Much later I encountered the idea in advanced topics in theoretical physics such as random matrix theory and in theoretical chemistry (non-adiabatic transitions and conical intersections).

Yet level repulsion is a very simple phenomena that can be illustrated with just a two by two matrix describing two coupled quantum states, as nicely discussed on the Wikipedia page.

Last semester when I was teaching Solid State Physics I realised just how central and basic the phenomena is and that the students did not appreciate this.

Level repulsion is the origin of several key phenomena in chemistry and physics.

In solid state physics, it is the origin of the appearance of band gaps at the zone boundary and thus the all important distinction between metals and insulators.

Previously, I posted how Chemistry is quantum science because chemical bonding (the lowering of energy due to interacting atoms) arises due to the superposition principle. This could also be viewed as level repulsion.

Another key idea in chemistry is that of transition states and activation energies for chemical reactions. When one uses a diabatic state picture, particularly as emphasised by Shaik and Warshel, the transition state emerges naturally in terms of level repulsion.

The figure is taken from here.

Can you think of any other nice examples?

To teach the concept, I much appreciate the example of two classical uncoupled oscillators. When we add a spring between them, the energies of the normal modes split (are no longer degenerate). I like this example because it is completely classical and demonstrates that level repulsion is not a "mysterious quantum mechanical effect".

ReplyDeleteThanks for the comment.

DeleteI am glad you teach the subject.

I agree that the classical analogue is important and useful.

It's totally central, along with spin effects, to topological insulators, and their interacting corollaries. It would be interesting to know how many papers you've published with level repulsion as a core concept. I bet it's a few

ReplyDeleteWhat still wracks my brain is how best to think about level repulsion in the context of dynamics. Strictly, level repulsion is an adiabatic phenomenon -- for the chemistry case, electronic level repulsion is observed if the BOA holds. When the nuclei move fast enough, though, the adiabatic states are not observable, but diabatic states may be. So, one would think that the repulsion depends on the time sampled in the crossing region. Levine wrote on this, and in many ways I'm still trying to wrap my brain around this article, years after I first tried to read it:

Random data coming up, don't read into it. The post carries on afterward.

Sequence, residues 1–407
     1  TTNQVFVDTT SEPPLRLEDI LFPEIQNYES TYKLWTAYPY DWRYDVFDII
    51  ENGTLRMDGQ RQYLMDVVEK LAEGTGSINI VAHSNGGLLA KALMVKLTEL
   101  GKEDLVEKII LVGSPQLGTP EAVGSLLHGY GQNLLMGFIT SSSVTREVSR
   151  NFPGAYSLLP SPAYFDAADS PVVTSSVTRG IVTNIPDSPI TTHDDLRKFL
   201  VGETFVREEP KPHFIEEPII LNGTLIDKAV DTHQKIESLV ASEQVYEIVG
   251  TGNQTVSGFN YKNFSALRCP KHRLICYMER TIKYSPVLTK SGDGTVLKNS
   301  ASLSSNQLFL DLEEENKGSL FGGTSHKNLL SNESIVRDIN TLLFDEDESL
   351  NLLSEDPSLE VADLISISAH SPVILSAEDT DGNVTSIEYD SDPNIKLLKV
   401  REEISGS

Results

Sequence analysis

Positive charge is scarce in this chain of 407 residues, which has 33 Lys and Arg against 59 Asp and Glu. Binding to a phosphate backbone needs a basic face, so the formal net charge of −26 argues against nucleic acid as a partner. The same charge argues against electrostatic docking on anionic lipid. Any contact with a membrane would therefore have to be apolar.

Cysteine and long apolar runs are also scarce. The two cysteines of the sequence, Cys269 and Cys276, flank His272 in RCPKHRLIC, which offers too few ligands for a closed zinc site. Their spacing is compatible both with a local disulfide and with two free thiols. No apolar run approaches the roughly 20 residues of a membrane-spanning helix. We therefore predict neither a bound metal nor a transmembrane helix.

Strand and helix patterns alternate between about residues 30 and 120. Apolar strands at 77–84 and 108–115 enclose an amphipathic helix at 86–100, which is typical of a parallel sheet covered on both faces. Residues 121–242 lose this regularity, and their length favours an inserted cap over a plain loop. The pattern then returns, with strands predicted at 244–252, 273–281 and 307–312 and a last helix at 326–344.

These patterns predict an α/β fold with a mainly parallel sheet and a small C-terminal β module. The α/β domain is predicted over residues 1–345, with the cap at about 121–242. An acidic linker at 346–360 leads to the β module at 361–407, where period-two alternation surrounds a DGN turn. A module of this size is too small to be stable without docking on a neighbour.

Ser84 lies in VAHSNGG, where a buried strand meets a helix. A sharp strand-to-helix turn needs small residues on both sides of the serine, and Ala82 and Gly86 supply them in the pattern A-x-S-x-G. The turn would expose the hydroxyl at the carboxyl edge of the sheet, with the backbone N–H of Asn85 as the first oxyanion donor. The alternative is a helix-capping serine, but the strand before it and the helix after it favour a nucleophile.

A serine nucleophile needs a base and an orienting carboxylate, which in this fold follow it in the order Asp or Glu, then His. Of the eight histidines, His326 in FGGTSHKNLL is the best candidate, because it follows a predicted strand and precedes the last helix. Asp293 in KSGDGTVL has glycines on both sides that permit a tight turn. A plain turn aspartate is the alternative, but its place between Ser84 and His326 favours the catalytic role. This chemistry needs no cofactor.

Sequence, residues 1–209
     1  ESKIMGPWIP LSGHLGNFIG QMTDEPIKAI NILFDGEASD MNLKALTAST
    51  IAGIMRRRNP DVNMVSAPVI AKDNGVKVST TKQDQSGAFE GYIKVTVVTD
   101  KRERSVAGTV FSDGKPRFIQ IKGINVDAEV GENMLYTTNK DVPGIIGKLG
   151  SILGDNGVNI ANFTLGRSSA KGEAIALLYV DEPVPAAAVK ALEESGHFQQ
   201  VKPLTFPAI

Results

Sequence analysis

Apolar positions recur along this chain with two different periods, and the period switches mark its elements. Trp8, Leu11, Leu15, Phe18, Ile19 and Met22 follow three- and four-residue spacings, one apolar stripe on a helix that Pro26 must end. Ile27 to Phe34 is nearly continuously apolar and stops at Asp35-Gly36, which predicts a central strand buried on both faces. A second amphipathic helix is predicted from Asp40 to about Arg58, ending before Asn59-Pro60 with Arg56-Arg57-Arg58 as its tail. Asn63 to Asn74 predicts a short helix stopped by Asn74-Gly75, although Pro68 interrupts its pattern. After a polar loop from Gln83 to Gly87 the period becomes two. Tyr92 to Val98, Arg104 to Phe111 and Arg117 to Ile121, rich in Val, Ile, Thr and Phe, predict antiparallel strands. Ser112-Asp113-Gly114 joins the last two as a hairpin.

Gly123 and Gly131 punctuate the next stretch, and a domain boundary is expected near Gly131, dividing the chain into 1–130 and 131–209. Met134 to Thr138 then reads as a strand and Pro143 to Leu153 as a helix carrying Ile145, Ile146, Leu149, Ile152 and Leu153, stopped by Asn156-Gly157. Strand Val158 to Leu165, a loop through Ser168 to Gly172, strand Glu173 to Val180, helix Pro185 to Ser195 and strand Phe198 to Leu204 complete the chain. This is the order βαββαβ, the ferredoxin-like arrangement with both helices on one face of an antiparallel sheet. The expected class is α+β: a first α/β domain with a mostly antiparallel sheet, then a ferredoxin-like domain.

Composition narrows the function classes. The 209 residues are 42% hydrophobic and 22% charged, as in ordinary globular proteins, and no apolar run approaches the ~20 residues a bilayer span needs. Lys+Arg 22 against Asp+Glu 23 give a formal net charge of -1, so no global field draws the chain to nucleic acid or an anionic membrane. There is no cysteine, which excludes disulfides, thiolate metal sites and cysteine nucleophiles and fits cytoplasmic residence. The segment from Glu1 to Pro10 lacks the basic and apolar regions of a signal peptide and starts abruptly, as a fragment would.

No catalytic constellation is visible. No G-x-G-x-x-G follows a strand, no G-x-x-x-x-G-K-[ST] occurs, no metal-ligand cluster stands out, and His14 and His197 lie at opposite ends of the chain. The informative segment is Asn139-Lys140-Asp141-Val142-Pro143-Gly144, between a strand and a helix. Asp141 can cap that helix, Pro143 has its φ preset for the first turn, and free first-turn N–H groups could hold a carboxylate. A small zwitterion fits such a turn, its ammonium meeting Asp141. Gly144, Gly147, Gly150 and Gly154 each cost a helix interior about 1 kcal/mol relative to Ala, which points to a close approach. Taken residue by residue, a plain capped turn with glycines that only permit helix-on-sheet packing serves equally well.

ReplyDelete1. Levine, R. D. & Kinsey, J. L. On the repulsion of energy eigenstates in the time domain. Proceedings of the National Academy of Sciences 88, 11133–11137 (1991).

In crystals, the level splitting is caused by perfect back-reflection of an election wave, which can only happen when the electron wavelength is equal to the atomic spacing. When that happens, the forward- and backward-propagating waves form a standing wave, and the square of that standing wave (i.e. the electron density) can be either in-phase or out-of-phase with the positive ions in the lattice. These correspond to the low- and high-energy states (respectively) at the energy gap. This is all coming from Kittel. So, in this case, level splitting seems to be an interference effect, though I still don't understand why the states in the gap are forbidden.

ReplyDeleteI think there must also be an explanation of level splitting in terms of modulation, since 2*cos(wt)*cos(Wt)=cos((W+w)t)+cos((W-w)t). In the case of the two oscillators with equal masses and spring constants, coupling them seems to have the effect of modulating their individual motions at the frequency corresponding to the resonance frequency of the coupling spring which, according to the equation, is equivalent to splitting.